At the request of Major Jessica Grace Martz, U.S. Marine Corps, NAFUSA member Steve Easton joined the defense team as lead counsel in the General Court-Martial of Sergeant Kayla Cerda, at Marine Corps Recruit Depot, Parris Island, South Carolina in December of 2014.
Major Martz met Easton when she was a student at the University of Wyoming, College of Law. Easton taught her criminal procedure and trial practice classes and was her moot court competition coach. He encouraged Martz to become a trial attorney and told her “if you ever need help, please call me.” When Martz returned to the Marine Corps, she became a new judge advocate. Soon she found herself “undermanned and overwhelmed” in the Cerda case and called upon Easton for help.
Easton joined the Cerda team in August of 2014 to provide pro-bono service, and as Major Martz reports, “His impact was immediate and extremely positive….His tenacity and professionalism in the courtroom were recognized by all, even the military judge.” Sgt. Cerda was acquitted of all charges.
After reading Major Martz’s letter, Easton responded,
While I very much appreciate Major Martz’s kind words, I feel compelled to note that she is being overly generous in describing our respective roles. While I was technically “lead counsel,” only because civilian counsel is presumed to be the lead counsel in court-martial trials, this was very much a shared command. While it might (or might not!) be true the Sgt. Cerda would not have been found not guilty on all twenty counts that went to the Members (as the jurors are called in court-martials) without me, it is definitely true that she would not have been found not guilty without the considerable skills and hard work of Major Martz. She handled dozens of key witnesses, conducted the voir dire, and gave the defense opening. In difficult circumstances, she was superb in all of these facets of the trial, as well as in her pretrial advocacy and investigative work. Working with Major Martz on this case was my proudest moment as a teacher. To see one’s student fight the good fight for her client, both ethically and tenaciously, against long odds, is something I will always treasure.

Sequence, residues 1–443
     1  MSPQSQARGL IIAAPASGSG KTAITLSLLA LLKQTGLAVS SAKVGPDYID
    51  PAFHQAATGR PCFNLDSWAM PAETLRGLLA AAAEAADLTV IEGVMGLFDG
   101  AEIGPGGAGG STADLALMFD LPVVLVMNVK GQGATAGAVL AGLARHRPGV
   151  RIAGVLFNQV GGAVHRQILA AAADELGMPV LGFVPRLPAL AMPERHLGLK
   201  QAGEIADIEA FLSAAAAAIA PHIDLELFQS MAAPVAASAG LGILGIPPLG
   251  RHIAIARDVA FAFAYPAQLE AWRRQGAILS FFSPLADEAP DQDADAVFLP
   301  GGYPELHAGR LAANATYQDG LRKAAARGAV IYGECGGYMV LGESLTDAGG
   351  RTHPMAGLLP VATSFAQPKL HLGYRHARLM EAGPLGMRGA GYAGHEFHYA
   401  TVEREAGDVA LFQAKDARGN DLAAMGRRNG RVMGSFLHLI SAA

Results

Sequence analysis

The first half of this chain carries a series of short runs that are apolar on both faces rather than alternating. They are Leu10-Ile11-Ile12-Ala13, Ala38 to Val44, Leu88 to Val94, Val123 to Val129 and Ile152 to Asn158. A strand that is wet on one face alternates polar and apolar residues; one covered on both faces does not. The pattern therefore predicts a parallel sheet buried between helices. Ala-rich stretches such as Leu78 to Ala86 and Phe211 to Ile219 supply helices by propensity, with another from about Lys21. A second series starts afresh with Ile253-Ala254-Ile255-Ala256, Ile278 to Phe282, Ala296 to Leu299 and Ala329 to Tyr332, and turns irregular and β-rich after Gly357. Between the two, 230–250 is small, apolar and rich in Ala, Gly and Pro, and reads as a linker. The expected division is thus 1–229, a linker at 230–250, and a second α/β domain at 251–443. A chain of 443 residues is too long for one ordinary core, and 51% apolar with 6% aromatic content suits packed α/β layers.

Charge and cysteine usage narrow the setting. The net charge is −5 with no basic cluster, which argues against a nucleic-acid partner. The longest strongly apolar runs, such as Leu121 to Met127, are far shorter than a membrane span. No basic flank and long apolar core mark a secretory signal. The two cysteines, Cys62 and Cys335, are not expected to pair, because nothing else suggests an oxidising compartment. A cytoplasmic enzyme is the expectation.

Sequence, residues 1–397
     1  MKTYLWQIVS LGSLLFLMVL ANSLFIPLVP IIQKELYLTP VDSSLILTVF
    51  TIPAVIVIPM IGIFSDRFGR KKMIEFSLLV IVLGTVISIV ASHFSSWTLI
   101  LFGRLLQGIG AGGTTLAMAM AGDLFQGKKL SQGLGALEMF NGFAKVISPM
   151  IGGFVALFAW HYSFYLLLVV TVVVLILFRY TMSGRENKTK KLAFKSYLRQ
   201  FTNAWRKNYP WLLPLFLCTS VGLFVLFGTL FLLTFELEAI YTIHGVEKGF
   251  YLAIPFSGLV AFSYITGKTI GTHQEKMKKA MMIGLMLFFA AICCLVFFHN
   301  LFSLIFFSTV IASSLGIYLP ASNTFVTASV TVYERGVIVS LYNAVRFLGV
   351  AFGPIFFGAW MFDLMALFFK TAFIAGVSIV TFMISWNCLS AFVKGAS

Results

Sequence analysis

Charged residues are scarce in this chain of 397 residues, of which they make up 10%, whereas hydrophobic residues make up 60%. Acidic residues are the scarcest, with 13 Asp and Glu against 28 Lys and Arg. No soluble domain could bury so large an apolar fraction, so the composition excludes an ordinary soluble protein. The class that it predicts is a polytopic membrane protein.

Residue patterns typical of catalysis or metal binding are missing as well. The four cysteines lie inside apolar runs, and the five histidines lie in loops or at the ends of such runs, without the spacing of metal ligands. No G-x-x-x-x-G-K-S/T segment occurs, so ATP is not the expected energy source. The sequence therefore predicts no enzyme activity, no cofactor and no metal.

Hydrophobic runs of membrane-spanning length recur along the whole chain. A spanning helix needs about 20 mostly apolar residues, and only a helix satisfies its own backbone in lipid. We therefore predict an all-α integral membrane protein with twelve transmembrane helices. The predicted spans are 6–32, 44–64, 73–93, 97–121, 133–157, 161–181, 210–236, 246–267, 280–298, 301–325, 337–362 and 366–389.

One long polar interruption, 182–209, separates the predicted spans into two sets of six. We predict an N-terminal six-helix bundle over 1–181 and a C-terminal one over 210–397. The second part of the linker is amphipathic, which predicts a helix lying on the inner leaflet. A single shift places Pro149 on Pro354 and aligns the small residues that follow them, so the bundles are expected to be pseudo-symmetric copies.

Easton reflected on the virtues of pro bono work,
As someone who wishes he had done a bit more pro bono work over the years, I can add that I am now a big believer in the concept that all of us should try, at least once, to pretty much drop everything and take on the representation of someone who could use our help, despite the odds and the reality that doing so will set us behind on everything else that demands our time and attention.
Easton is a professor of law at the University of Wyoming College of Law. He served as United States Attorney for the District of North Dakota 1990-1993.